…The scholarships are given out by the coaches of each individual university, so there is no central record of how many are awarded to British students. But Russell Horsley of the English Colleges Football Association says he is getting enough complaints about unrealistic promises of scholarships and poor service from across the industry to call for better regulation of the UK companies that offer to help.
But the scholarship is not just about the sport, it’s about the education too. In general, unlike many British children, most American kids appear to possess a greater understanding of the value of a good education. They also place greater importance in achieving good grades and tend towards a work ethic that is somewhat alien to our kids. They realise that a university education isn’t handed to you on a plate and, shock horror, that you actually have to ‘work’ for it.
Although it’s great to hold those big aspirations the reality of the situation is; the higher the level you aspire to, the greater the level of work required and, the greater possibility you will experience a failure of your personal expectations! It’s all about having contentment in achieving self-actualization, not the aspirations or expectations of another. A well-known and much discussed theory in psychology, and one admirably explained within Maslow’s hierarchy of needs in his 1943 paper A Theory of Human Motivation explains much about the situation.
Abraham Maslow developed a theory of personality, most often explained in the form of a pyramid diagram, it is one which has influenced a number of different fields, including education. This wide influence is due in part to the high level of practicality of Maslow’s theory and it accurately describes many realities of personal experiences. The shape of a pyramid obviously precludes all those who climb it from being able to actually stand on the summit. Perhaps this is why so many in our society, tend to try and invert the pyramid, in an effort to create greater space for those attempting the ascent? However, if a pyramid is to remain stable and solid, it requires the greater part of its mass to be at the bottom.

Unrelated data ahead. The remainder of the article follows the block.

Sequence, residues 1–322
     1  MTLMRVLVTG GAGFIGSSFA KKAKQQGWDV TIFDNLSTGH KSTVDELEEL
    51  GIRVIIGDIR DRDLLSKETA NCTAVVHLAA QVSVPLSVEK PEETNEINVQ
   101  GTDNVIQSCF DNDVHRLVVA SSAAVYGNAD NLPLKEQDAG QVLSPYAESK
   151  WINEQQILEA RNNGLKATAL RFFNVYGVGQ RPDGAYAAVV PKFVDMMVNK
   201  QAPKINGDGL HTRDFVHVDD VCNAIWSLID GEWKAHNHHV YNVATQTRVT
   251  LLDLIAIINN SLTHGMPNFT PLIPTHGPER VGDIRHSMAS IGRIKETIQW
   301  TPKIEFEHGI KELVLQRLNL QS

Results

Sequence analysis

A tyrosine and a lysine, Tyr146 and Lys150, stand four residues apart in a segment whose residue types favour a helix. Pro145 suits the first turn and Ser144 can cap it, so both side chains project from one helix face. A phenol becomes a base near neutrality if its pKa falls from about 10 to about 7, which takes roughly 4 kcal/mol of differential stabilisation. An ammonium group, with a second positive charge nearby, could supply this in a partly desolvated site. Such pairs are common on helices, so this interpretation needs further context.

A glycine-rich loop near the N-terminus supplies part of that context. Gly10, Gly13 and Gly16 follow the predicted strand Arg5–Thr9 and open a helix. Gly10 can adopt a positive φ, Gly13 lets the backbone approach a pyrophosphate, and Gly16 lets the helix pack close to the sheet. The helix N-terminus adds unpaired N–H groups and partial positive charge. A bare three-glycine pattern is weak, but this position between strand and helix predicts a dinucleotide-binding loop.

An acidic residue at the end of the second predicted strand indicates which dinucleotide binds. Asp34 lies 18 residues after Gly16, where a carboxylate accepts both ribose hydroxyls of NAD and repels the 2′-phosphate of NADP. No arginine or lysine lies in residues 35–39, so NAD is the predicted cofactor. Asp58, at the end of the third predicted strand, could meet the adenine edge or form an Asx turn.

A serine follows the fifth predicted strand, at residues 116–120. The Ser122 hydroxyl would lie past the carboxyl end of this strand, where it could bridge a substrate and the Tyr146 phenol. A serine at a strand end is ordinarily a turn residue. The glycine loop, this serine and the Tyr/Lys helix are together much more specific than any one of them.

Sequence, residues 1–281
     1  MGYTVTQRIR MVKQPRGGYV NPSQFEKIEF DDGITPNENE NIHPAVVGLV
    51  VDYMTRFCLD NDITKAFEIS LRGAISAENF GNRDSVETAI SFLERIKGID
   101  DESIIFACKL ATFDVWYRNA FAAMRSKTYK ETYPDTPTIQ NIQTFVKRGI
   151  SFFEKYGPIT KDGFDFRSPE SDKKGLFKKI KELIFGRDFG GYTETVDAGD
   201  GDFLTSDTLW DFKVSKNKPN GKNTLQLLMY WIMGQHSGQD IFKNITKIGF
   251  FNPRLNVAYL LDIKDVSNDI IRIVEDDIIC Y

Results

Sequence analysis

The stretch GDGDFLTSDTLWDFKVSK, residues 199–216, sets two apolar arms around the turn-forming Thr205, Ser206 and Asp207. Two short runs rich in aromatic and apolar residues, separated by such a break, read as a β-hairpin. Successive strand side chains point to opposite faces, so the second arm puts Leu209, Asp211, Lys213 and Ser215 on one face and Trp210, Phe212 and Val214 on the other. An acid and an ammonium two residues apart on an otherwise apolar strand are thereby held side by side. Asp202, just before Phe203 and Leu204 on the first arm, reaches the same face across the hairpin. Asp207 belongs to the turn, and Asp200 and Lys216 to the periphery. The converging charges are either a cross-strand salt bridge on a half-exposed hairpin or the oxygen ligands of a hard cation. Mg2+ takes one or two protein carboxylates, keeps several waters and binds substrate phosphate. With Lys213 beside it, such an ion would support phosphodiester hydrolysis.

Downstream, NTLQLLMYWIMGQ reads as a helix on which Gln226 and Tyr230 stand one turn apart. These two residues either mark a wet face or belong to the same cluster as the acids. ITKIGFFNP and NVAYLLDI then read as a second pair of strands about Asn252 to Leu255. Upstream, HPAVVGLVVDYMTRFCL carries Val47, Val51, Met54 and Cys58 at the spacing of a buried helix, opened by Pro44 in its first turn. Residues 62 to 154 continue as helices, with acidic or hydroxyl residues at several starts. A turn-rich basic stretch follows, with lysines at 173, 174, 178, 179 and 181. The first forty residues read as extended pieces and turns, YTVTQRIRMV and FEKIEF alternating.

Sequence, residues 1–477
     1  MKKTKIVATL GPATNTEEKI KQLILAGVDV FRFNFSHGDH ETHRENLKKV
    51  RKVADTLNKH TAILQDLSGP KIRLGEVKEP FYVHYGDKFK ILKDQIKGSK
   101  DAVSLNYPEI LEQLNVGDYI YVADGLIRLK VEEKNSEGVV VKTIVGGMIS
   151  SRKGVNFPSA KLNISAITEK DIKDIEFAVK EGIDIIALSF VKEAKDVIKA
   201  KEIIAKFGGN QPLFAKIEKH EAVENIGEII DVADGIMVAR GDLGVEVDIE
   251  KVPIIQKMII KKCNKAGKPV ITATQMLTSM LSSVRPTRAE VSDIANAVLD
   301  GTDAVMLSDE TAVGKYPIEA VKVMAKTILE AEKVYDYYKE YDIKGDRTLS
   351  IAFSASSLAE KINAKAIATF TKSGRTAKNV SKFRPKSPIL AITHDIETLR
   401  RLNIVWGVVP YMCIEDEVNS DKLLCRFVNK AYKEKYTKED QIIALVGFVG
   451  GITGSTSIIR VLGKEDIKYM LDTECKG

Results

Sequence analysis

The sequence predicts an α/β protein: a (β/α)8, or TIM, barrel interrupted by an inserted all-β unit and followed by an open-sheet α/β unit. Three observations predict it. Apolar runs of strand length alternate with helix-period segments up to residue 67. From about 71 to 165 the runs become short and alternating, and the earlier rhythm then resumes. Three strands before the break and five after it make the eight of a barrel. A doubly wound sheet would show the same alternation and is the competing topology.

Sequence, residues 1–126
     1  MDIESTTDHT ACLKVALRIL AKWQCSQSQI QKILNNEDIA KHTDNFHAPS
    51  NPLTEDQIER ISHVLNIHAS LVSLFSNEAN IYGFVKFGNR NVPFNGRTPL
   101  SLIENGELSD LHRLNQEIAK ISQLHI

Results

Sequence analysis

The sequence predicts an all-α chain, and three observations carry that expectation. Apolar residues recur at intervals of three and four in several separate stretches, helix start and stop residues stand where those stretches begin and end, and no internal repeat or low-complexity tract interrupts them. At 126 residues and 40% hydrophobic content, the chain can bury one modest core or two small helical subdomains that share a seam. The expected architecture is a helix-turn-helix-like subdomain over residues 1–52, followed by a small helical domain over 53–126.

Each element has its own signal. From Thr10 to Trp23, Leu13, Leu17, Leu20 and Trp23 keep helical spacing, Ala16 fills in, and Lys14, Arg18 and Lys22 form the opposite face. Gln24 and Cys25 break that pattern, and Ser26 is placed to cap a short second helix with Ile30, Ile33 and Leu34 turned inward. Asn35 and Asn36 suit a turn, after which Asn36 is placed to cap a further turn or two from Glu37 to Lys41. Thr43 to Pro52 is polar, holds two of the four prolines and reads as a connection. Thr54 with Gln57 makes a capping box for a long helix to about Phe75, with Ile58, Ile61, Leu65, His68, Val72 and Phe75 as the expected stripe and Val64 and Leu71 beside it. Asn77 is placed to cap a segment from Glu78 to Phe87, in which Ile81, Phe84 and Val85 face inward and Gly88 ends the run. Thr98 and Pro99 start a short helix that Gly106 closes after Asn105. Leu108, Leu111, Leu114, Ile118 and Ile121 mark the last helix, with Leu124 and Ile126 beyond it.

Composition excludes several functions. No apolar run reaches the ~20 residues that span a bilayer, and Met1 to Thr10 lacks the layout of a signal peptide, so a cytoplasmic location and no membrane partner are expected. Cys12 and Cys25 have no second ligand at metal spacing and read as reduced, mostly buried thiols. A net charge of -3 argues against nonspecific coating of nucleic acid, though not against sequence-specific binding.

Recently, in a slightly different context, Robin Fox, Ph.D., D.Sc., anthropologist, poet and essayist, a University Professor of Social Theory at Rutgers University said, when pondering an answer to the question ‘Is inverting the population pyramid a move too far?‘
My theme is roughly that the tribal system of physical, emotional, mental and social traits is our default system, since it is the system we evolved in for 99% of our time as a species. It follows that many things we take for granted are a result of civilization and particularly industrial civilization and that these occurred virtually overnight in historic and evolutionary time. (Evolution is history that lasts long enough for genetic changes to take place.) The question is: how sustainable are these changes that happened in the blink of an evolutionary eye? (Prof. Robin Fox)
It is impossible for us all to get to the top and in life we need to stop trying to invert the pyramid or at the very least, inject a little more reality into our expectation pyramid 😉
- 4 Tips Before You Pursue Athletic Scholarships (usnews.com)
- English students broaden their horizons to escape tuition fee rise (guardian.co.uk)
- The (Almost) Inverted Pyramid (psychologytoday.com)
- Is the Anti-Maslow Movement Gaining Strength? (i2i-align.com)
- The Brief About Abraham Maslow’s Hierarchy of Needs Theory (socyberty.com)
- Maslow’s Hierarchy of Needs Applied to Transformational Leadership (eyesonsuccess.com)